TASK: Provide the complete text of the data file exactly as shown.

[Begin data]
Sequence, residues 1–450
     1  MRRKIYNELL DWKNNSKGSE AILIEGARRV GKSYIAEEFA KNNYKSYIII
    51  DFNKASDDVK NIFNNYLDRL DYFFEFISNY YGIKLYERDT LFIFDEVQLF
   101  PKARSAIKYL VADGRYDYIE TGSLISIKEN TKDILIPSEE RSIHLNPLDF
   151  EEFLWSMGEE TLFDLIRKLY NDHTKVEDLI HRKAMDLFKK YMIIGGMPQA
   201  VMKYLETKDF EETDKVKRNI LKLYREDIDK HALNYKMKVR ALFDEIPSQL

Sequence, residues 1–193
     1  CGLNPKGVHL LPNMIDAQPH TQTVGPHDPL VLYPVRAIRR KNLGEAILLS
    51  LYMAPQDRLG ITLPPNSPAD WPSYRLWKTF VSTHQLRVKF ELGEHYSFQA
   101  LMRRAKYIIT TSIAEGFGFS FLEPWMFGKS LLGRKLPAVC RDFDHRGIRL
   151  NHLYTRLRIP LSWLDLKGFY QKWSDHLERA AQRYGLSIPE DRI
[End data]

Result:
Sequence, residues 1–450
     1  MRRKIYNELL DWKNNSKGSE AILIEGARRV GKSYIAEEFA KNNYKSYIII
    51  DFNKASDDVK NIFNNYLDRL DYFFEFISNY YGIKLYERDT LFIFDEVQLF
   101  PKARSAIKYL VADGRYDYIE TGSLISIKEN TKDILIPSEE RSIHLNPLDF
   151  EEFLWSMGEE TLFDLIRKLY NDHTKVEDLI HRKAMDLFKK YMIIGGMPQA
   201  VMKYLETKDF EETDKVKRNI LKLYREDIDK HALNYKMKVR ALFDEIPSQL

Sequence, residues 1–193
     1  CGLNPKGVHL LPNMIDAQPH TQTVGPHDPL VLYPVRAIRR KNLGEAILLS
    51  LYMAPQDRLG ITLPPNSPAD WPSYRLWKTF VSTHQLRVKF ELGEHYSFQA
   101  LMRRAKYIIT TSIAEGFGFS FLEPWMFGKS LLGRKLPAVC RDFDHRGIRL
   151  NHLYTRLRIP LSWLDLKGFY QKWSDHLERA AQRYGLSIPE DRI